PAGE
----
Wednesday, July 25, 2012

How To Collaborate With Your Fellow Interns

Rule Number 1: Not all assignments are created equal. Ok, that tip is a given, but you never truly learn to appreciate the blatant truth behind this statement until you've been assigned to work with a partner on a project that would take a single person only a couple of hours to complete by themselves. On the flip side, there are some perks to collaborating with another person on a project, with the most obvious being that two completely different minds are contributing details for one idea from different angles.

If I haven't made it obvious yet, Annie (my partner in crime, err, I mean, fellow intern) and I were recently asked to work together on an assignment. And then another. And since then, one or two more. Like I've mentioned, Annie is great and we work together well, but there is only so much work that two people can share before they get burnt out on the other.

By working together so regularly with Annie, I've learned a few tips that will be helpful to keep in mind, should you ever find yourself trying to write a piece for your mag with someone who has a completely different writing style than you do. Trust me, it can be done, it just takes a little extra concentration, and maybe an extra shot in your afternoon Starbucks.

1. Don't be afraid to be yourself. This is just as much your project as it is your partner's, and at the end of the day your editors are going to see it as a mash up of both of your skills. If you come up with something to say that may be kind of quirky, say it! There's no harm in throwing your ideas into the mix, and you are only hurting yourself by trying to stay cordial with your partner and let them win the battle on whose idea is better. Which brings me to tip number 2...

2. Find a middle ground. Annie and I didn't always see eye to eye on how information should have been presented in our piece, but we both would quickly realize that this isn't an exercise in our personal writing style, but rather how two people can present their ideas in the voice of their publication. Lifestyle Mag has a very conversational, casual, and sometimes slightly snarky voice to it. When Annie and I would find ourselves with conflicting ideas, we would remind ourselves that we're writing this from a different point of view, and this change of mindset always helped us get back on track and adapt our ideas to suit the needs of the Lifestyle Mag.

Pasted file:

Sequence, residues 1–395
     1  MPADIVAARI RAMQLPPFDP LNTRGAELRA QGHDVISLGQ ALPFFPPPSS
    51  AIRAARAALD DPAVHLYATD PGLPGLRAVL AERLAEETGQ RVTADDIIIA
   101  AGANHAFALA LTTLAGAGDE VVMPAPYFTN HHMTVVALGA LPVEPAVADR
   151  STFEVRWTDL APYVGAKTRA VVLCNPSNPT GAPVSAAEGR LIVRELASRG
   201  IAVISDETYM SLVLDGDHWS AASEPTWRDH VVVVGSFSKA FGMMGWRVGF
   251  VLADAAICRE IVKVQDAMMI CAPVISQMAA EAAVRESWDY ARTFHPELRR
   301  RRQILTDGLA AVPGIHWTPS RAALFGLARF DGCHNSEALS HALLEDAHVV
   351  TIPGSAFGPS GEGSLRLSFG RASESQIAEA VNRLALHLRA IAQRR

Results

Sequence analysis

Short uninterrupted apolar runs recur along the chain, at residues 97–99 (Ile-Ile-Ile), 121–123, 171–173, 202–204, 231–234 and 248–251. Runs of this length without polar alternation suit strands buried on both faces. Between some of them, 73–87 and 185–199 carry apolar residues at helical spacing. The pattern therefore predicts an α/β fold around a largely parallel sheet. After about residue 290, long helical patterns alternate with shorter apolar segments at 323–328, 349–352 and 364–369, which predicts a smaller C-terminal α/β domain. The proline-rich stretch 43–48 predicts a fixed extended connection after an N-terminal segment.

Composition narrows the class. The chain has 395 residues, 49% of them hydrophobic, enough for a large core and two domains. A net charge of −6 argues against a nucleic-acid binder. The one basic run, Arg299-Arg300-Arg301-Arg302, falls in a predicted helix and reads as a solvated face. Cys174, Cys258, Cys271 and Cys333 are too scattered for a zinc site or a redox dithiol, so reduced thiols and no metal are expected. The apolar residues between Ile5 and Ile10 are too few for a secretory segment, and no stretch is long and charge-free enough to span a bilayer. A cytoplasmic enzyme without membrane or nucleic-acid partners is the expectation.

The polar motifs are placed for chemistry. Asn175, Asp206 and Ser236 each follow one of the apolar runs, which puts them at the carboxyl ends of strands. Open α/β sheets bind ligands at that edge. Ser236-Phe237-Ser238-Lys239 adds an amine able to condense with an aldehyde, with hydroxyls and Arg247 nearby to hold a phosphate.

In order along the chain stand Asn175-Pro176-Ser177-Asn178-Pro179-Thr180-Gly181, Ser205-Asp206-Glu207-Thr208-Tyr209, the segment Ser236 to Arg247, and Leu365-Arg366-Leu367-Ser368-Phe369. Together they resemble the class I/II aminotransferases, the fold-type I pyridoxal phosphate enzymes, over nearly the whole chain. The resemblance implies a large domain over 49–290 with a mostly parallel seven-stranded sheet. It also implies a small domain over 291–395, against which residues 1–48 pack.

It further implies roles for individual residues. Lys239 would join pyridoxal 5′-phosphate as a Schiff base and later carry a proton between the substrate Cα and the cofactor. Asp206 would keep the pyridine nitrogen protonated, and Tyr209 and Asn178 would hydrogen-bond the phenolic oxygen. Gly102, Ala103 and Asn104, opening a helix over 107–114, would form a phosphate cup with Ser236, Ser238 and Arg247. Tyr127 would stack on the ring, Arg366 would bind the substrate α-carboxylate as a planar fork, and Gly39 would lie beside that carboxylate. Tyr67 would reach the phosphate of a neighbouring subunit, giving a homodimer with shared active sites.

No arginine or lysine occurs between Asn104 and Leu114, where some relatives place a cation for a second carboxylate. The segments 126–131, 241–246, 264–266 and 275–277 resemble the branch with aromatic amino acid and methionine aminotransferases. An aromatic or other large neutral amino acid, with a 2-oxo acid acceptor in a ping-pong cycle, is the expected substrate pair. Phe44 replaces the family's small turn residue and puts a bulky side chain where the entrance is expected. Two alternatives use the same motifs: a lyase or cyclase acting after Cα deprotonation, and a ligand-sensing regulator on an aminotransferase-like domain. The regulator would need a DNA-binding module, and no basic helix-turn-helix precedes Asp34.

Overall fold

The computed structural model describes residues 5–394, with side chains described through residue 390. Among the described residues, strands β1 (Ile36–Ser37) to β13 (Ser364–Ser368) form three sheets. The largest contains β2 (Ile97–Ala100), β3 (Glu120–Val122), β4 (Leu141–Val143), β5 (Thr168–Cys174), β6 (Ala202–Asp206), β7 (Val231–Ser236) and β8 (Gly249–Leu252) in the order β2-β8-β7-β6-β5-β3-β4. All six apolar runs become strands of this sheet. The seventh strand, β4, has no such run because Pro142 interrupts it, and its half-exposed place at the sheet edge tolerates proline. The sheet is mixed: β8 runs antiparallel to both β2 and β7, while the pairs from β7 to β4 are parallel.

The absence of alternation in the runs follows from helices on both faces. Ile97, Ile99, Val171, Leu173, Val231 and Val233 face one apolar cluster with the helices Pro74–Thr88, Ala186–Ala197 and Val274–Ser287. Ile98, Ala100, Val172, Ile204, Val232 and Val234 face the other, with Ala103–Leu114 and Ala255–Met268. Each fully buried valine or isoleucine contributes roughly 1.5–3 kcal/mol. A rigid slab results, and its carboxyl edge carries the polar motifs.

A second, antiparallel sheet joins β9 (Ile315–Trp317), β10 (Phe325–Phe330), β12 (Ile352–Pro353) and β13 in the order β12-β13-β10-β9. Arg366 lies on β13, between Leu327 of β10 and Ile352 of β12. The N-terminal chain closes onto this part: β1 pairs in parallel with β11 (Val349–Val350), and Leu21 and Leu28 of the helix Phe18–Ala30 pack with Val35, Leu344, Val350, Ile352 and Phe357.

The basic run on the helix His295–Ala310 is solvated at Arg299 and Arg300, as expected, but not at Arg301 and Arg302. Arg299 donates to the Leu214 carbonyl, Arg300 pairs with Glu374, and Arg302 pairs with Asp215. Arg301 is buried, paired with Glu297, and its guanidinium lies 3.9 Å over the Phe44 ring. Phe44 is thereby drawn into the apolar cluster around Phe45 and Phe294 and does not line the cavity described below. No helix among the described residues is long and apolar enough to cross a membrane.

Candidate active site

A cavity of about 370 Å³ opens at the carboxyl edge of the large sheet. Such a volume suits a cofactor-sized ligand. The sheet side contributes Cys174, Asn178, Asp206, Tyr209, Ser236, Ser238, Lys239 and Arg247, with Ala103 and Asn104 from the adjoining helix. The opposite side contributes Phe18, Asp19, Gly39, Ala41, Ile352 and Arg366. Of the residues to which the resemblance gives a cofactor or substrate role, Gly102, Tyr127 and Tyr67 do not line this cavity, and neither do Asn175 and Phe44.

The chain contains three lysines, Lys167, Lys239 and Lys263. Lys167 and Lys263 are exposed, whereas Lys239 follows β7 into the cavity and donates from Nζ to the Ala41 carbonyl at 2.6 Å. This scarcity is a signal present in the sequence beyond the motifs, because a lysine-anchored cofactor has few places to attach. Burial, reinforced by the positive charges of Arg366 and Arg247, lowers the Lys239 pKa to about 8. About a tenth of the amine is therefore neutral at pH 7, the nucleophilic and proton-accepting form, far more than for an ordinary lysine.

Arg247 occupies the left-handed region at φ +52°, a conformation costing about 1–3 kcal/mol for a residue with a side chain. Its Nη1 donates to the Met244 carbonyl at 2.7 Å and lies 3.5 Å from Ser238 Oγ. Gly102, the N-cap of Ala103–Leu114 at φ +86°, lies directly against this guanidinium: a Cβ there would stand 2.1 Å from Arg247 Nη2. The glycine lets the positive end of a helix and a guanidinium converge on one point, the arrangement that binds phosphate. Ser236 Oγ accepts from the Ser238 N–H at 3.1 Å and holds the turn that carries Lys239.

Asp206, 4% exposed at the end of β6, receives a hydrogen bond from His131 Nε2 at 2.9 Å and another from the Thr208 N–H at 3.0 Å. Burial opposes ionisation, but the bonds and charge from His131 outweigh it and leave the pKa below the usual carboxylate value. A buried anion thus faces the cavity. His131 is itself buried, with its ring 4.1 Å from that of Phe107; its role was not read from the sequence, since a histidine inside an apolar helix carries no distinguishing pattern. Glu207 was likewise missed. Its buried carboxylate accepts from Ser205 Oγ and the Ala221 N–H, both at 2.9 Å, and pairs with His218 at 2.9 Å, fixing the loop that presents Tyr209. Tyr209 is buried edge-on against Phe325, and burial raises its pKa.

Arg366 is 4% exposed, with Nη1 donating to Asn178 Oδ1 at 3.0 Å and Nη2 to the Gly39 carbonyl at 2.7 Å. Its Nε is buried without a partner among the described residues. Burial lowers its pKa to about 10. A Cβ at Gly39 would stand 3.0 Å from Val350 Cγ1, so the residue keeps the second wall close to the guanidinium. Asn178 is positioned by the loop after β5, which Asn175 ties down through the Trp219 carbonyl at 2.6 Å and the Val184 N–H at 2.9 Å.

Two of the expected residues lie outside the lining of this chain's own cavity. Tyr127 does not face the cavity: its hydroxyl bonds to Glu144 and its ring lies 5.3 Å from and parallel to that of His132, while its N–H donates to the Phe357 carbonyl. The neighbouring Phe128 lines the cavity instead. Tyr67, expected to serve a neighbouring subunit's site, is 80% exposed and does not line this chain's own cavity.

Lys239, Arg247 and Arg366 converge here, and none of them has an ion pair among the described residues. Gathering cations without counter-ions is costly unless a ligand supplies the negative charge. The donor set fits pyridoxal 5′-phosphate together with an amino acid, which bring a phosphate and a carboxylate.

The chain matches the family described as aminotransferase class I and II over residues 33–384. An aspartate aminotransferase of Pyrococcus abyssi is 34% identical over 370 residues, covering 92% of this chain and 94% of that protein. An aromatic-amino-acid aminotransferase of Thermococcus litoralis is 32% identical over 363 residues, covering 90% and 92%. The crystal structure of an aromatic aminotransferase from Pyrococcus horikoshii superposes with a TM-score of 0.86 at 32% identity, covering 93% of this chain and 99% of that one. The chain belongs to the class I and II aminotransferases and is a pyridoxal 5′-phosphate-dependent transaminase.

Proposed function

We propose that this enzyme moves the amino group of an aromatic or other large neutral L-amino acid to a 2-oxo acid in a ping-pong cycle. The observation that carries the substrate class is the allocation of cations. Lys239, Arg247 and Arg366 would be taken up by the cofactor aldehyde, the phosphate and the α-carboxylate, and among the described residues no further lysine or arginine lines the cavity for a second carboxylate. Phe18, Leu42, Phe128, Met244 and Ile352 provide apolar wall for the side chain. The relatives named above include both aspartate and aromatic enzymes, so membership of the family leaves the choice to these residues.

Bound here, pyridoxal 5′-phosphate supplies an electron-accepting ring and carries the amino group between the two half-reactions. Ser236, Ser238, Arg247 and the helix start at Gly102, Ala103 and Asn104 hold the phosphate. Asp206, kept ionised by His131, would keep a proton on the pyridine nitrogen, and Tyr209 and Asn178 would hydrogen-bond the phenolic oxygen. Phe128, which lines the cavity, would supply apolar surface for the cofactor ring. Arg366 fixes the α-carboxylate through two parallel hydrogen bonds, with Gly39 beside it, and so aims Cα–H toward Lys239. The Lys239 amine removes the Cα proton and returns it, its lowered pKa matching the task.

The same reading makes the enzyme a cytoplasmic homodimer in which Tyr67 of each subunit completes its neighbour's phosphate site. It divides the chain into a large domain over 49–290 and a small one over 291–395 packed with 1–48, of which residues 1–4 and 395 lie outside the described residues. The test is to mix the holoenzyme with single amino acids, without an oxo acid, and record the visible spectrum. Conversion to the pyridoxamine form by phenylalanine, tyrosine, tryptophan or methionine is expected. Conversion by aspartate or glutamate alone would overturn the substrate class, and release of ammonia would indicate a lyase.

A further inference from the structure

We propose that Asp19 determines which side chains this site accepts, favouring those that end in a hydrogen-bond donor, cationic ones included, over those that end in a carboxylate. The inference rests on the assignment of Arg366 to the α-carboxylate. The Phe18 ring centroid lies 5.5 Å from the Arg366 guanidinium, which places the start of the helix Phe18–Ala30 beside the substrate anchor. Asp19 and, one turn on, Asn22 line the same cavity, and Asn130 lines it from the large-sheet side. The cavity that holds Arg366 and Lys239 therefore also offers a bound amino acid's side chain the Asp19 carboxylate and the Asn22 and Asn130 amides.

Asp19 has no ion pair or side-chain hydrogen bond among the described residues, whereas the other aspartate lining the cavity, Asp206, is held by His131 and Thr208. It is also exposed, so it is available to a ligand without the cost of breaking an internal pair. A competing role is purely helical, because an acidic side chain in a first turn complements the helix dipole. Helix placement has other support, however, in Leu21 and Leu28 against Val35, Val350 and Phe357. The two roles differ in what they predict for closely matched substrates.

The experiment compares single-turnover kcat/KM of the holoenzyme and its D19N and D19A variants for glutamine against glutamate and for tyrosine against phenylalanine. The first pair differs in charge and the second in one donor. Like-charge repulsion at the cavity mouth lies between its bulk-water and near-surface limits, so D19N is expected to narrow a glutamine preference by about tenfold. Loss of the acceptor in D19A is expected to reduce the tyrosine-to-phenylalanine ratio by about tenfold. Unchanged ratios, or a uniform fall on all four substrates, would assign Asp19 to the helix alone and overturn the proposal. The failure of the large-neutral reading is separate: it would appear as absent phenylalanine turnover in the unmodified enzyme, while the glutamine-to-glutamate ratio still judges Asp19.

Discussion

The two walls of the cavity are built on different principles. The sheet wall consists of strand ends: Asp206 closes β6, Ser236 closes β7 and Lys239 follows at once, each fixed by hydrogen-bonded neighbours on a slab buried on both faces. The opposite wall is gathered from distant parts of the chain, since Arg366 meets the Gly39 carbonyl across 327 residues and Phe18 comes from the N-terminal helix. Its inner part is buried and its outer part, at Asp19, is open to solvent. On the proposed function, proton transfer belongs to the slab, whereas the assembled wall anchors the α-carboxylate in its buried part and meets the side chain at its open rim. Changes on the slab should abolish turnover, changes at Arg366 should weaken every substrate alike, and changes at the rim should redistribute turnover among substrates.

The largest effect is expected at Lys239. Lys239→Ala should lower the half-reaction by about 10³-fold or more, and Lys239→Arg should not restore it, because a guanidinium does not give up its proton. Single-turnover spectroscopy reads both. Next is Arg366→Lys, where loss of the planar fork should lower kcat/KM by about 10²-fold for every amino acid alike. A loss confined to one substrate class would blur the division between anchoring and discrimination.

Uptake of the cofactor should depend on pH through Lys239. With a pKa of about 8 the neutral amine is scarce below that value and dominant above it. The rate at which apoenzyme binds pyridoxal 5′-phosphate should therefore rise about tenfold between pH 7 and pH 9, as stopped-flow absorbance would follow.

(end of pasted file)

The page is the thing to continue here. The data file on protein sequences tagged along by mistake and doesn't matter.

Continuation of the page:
3. In times of tension, take a breather. Yes, there were definitely moments when working together on a writing assignment wasn't all sunshine and lollipops. Sometimes Annie would make a comment that wasn't appreciated on my end, and sometimes I would make it a little too clear that I thought her ideas just weren't going to work. To diffuse to building tension, and salvage our relationship as really great office friends, we would sometimes put an abrupt end to our meetings to work on something else. These breaks from each other were oftentimes exactly what we needed to get back on track with our assignment.

Working with a fellow intern may not always be ideal, but through my experiences of working together with Annie, I was able to learn about the voice and audience of the Lifestyle Mag much more quickly than if I had been assigned to work alone. Case in point? Look at everything as a learning experience. Keeping a positive attitude about every assignment, no matter how much you may think at the time that you'll dislike it, will help you work to the best of your ability.

Have you had to work together with another intern on assignments for your internship? I'd love to hear your collaboration tips in the comments section!

Until next Wednesday,
Lifestyle Intern

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